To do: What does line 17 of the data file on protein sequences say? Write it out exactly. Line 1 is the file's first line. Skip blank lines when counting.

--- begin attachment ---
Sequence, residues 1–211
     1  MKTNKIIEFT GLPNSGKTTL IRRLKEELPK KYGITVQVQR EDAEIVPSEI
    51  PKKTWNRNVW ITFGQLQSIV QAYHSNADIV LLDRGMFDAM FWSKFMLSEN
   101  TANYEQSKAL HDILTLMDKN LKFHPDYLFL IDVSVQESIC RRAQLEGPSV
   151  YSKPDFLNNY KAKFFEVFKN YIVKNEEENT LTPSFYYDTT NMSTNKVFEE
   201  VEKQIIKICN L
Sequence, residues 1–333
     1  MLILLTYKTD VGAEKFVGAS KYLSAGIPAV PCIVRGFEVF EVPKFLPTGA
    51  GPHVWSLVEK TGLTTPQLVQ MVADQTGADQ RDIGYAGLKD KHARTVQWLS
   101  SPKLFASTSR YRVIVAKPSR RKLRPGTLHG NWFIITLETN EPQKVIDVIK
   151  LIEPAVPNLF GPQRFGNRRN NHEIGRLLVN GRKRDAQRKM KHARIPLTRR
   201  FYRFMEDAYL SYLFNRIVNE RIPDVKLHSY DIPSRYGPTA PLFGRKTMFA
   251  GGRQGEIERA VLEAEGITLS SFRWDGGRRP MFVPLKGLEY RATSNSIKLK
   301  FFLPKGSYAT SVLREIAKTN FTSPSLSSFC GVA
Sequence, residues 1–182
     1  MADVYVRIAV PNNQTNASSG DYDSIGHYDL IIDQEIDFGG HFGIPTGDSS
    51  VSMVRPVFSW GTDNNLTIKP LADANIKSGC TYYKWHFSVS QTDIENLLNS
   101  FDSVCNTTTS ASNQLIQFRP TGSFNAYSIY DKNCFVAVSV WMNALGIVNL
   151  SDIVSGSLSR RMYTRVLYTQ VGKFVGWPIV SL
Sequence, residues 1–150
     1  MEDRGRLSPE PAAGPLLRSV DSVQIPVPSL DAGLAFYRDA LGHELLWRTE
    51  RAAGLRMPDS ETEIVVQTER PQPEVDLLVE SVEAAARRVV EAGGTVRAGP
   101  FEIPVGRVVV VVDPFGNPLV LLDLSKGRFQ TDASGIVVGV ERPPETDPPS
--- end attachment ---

    51  VSMVRPVFSW GTDNNLTIKP LADANIKSGC TYYKWHFSVS QTDIENLLNS